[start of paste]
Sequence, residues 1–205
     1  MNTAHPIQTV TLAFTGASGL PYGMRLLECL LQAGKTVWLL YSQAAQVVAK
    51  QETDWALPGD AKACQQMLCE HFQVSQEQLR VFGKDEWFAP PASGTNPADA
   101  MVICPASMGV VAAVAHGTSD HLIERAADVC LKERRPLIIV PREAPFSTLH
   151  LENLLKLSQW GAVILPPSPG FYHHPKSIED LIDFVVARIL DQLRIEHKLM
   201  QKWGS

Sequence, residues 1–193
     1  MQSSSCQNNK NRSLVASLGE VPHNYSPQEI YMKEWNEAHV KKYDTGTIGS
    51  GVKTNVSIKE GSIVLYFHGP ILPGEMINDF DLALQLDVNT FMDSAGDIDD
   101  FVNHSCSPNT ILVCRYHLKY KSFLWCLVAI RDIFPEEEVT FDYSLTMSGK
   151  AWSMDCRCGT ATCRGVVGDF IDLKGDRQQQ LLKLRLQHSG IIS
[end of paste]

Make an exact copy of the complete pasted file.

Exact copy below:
Sequence, residues 1–205
     1  MNTAHPIQTV TLAFTGASGL PYGMRLLECL LQAGKTVWLL YSQAAQVVAK
    51  QETDWALPGD AKACQQMLCE HFQVSQEQLR VFGKDEWFAP PASGTNPADA
   101  MVICPASMGV VAAVAHGTSD HLIERAADVC LKERRPLIIV PREAPFSTLH
   151  LENLLKLSQW GAVILPPSPG FYHHPKSIED LIDFVVARIL DQLRIEHKLM
   201  QKWGS

Sequence, residues 1–193
     1  MQSSSCQNNK NRSLVASLGE VPHNYSPQEI YMKEWNEAHV KKYDTGTIGS
    51  GVKTNVSIKE GSIVLYFHGP ILPGEMINDF DLALQLDVNT FMDSAGDIDD
   101  FVNHSCSPNT ILVCRYHLKY KSFLWCLVAI RDIFPEEEVT FDYSLTMSGK
   151  AWSMDCRCGT ATCRGVVGDF IDLKGDRQQQ LLKLRLQHSG IIS